Ministers have been urged to hold a “waste summit” with councils and waste companies, after Defra revealed the first recorded fall in England’s recycling rate.
Suez chief executive David Palmer-Jones said the 0.7% fall in England’s household recycling rate for the year ending June 2015 to 44.3% meant that time was running out for the UK’s ambition to hit the statutory 50% target by 2020 set by the EU.
The decrease has been partly explained by a reduction in local authorities collecting garden and organic waste, along with an increase in black bag waste as the economy recovers.
Palmer-Jones said a summit on waste lead by Defra was necessary to look at options to drive rates back up. He said Defra could learn from Wales, which has achieved a 56.2% household recycling rate.
“Short of Defra pulling the proverbial rabbit out of a hat, these latest figures suggest that the UK’s 2020 target of 50% is receding even further into the distance,” he said.
“Budgetary pressures on local authorities will make it even more difficult to recover lost ground in the short time we have left, if services are cut back. And depressed markets for recyclates only exacerbates an already challenging situation.
“The lesson from Wales is to engage central government in helping to ring-fence local authority environmental funding as part of a wider sustainability agenda.”
In his efforts to kick-start recycling rates, resources minister Rory Stewart is pinning his hopes on persuading councils to harmonise their collections and the inclusion of incinerator bottom ash (IBA) in recycling statistics.
Stewart announced a new trade deal between the UK and the Netherlands to transfer IBA, and indicated that the material could eventually be included in national recycling figures.
He has also repeatedly claimed that if local authorities harmonised their collection and recycling systems, the resulting efficiencies and economies of scale would result in cheaper recycling and improved rates.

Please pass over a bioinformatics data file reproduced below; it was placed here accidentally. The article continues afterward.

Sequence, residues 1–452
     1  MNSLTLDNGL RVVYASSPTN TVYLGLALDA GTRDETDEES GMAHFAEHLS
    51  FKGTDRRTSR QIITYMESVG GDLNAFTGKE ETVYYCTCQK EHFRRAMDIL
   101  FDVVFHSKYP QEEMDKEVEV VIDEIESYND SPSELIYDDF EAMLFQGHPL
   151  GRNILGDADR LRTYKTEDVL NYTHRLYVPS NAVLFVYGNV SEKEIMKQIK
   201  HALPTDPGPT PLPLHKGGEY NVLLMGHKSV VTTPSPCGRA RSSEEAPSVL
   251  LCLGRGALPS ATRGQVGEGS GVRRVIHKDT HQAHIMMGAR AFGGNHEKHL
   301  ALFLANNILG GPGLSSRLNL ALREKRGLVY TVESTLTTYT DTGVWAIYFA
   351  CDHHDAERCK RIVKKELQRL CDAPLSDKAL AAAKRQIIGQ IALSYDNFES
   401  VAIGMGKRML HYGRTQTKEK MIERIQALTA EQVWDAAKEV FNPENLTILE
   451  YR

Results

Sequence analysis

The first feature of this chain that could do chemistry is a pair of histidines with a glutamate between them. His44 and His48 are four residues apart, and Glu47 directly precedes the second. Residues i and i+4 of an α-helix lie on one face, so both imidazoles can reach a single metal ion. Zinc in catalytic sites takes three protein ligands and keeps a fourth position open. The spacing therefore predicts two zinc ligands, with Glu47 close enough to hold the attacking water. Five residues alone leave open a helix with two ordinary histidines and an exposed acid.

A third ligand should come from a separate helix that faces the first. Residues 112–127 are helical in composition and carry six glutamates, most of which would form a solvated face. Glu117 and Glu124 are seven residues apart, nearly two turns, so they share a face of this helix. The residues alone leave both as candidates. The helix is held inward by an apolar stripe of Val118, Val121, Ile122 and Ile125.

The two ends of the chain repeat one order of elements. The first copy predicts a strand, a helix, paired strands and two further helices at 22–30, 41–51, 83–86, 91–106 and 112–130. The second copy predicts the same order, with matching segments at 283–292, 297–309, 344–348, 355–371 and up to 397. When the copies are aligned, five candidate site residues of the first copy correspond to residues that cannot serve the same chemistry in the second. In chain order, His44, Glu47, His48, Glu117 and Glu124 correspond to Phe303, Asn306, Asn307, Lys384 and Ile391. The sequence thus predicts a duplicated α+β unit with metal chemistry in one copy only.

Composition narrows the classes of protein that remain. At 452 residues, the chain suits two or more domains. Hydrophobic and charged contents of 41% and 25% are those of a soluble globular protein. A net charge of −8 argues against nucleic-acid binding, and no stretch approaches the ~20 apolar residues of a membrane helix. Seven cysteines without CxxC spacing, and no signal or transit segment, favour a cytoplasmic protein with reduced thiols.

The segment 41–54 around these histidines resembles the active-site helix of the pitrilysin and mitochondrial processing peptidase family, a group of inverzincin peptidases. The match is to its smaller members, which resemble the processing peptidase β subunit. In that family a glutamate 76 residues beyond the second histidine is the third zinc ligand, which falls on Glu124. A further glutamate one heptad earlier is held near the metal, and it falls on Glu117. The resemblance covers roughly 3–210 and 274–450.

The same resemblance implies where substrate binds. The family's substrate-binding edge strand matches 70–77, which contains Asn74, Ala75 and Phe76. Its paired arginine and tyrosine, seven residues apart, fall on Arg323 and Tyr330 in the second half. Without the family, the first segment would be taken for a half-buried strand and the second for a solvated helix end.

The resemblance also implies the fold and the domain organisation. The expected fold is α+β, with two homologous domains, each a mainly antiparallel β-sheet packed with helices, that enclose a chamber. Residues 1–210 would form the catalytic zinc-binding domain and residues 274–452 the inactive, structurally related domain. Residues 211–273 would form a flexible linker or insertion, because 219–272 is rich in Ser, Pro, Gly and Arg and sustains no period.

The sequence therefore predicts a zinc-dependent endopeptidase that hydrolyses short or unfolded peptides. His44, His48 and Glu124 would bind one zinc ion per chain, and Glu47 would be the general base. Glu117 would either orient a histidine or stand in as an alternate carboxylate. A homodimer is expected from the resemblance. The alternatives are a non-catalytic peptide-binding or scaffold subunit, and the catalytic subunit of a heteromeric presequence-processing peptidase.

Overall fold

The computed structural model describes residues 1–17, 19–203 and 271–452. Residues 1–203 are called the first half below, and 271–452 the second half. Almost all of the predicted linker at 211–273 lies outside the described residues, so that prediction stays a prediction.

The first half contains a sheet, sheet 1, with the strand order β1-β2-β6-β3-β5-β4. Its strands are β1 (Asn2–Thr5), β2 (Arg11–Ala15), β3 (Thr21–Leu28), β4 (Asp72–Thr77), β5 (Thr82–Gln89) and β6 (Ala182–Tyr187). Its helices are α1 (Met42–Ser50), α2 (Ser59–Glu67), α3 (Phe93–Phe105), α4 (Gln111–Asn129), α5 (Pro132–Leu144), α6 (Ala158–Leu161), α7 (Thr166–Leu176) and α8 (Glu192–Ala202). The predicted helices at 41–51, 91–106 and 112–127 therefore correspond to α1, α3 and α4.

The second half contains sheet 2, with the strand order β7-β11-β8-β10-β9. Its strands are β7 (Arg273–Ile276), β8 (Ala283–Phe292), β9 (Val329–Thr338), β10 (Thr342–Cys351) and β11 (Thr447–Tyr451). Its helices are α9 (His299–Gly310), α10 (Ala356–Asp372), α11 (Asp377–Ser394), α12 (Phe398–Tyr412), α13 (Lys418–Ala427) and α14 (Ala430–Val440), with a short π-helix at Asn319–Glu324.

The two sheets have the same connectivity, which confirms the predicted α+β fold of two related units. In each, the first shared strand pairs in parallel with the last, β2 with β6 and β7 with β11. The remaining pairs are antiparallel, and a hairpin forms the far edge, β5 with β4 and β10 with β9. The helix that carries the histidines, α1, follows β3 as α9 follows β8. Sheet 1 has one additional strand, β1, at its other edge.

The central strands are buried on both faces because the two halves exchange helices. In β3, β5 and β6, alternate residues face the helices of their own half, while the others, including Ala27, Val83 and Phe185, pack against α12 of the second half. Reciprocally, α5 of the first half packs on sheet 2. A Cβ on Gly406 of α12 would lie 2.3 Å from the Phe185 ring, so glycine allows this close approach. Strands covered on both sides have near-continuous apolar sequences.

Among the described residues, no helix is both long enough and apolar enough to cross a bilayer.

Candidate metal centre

Palmer-Jones’ solution to halt decline in recycling
Greater focus is needed on capturing more dry recyclables – paper, card, plastic and glass – which make up the most economically and environmentally valuable component of recycling and where performance, unlike tonnage of garden waste collection, is affected less by seasonal variation and more directly reflects communication and engagement with households.
Progress can also be made in improving recycling tonnages and rates by working with manufacturers of frequently used containers, such as plastic coffee cups and packaging for take-away food, to ensure materials can be more widely and efficiently recycled.
Focus also needs to be within large urban areas, such as Greater London and parts of the Midlands, which have at best remained static or at worst showed significant declines in recycling in the past two years. These regions, given the weighting of population, determine the ability of the UK overall to meet its 2020 50% target.
Households should focus on simply putting as much used plastic, glass, paper and card in their recycling containers as they can, although we all need to remember that contamination can spoil much larger loads, which has a detrimental effect on recycling rates. For example, it is important to rinse out food containers wherever possible.